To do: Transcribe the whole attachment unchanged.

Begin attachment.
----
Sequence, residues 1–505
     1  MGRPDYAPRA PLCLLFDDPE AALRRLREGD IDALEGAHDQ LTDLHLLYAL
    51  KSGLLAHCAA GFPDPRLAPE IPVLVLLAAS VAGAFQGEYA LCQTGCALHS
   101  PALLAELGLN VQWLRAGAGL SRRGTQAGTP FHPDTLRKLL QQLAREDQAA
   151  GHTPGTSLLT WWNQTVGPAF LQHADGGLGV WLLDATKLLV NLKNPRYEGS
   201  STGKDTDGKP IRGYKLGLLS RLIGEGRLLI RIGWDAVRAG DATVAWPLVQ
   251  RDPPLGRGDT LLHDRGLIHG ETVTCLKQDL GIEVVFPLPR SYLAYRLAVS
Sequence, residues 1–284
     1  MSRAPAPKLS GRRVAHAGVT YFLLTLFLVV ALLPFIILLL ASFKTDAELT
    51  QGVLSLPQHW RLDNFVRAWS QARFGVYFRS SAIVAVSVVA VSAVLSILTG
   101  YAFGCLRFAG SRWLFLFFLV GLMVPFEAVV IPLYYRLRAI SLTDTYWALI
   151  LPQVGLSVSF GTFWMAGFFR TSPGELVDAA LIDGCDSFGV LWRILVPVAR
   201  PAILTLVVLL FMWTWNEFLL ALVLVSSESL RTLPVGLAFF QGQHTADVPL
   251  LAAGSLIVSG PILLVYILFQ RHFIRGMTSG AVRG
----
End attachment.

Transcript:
Sequence, residues 1–505
     1  MGRPDYAPRA PLCLLFDDPE AALRRLREGD IDALEGAHDQ LTDLHLLYAL
    51  KSGLLAHCAA GFPDPRLAPE IPVLVLLAAS VAGAFQGEYA LCQTGCALHS
   101  PALLAELGLN VQWLRAGAGL SRRGTQAGTP FHPDTLRKLL QQLAREDQAA
   151  GHTPGTSLLT WWNQTVGPAF LQHADGGLGV WLLDATKLLV NLKNPRYEGS
   201  STGKDTDGKP IRGYKLGLLS RLIGEGRLLI RIGWDAVRAG DATVAWPLVQ
   251  RDPPLGRGDT LLHDRGLIHG ETVTCLKQDL GIEVVFPLPR SYLAYRLAVS
Sequence, residues 1–284
     1  MSRAPAPKLS GRRVAHAGVT YFLLTLFLVV ALLPFIILLL ASFKTDAELT
    51  QGVLSLPQHW RLDNFVRAWS QARFGVYFRS SAIVAVSVVA VSAVLSILTG
   101  YAFGCLRFAG SRWLFLFFLV GLMVPFEAVV IPLYYRLRAI SLTDTYWALI
   151  LPQVGLSVSF GTFWMAGFFR TSPGELVDAA LIDGCDSFGV LWRILVPVAR
   201  PAILTLVVLL FMWTWNEFLL ALVLVSSESL RTLPVGLAFF QGQHTADVPL
   251  LAAGSLIVSG PILLVYILFQ RHFIRGMTSG AVRG